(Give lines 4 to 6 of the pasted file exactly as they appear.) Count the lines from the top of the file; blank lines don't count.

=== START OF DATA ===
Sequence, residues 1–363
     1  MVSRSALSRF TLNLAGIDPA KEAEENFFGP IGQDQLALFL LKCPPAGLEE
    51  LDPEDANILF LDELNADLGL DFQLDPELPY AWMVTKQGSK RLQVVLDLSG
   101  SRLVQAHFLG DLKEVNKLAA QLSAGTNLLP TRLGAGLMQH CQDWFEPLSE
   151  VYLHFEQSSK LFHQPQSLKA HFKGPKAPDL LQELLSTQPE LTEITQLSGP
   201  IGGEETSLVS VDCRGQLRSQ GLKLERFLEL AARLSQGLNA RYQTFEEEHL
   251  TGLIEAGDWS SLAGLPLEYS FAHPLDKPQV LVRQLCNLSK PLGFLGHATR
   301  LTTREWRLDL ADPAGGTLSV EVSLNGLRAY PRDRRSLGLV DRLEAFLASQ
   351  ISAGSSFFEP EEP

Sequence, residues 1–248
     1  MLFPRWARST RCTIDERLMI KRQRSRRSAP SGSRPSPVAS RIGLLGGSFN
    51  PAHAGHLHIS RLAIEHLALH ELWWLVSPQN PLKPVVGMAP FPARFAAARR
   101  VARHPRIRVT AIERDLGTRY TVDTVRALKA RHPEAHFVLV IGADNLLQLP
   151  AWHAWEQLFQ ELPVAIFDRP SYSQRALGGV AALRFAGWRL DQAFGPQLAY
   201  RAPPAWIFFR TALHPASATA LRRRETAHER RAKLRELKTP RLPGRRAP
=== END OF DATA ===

   101  SRLVQAHFLG DLKEVNKLAA QLSAGTNLLP TRLGAGLMQH CQDWFEPLSE
   151  VYLHFEQSSK LFHQPQSLKA HFKGPKAPDL LQELLSTQPE LTEITQLSGP
   201  IGGEETSLVS VDCRGQLRSQ GLKLERFLEL AARLSQGLNA RYQTFEEEHL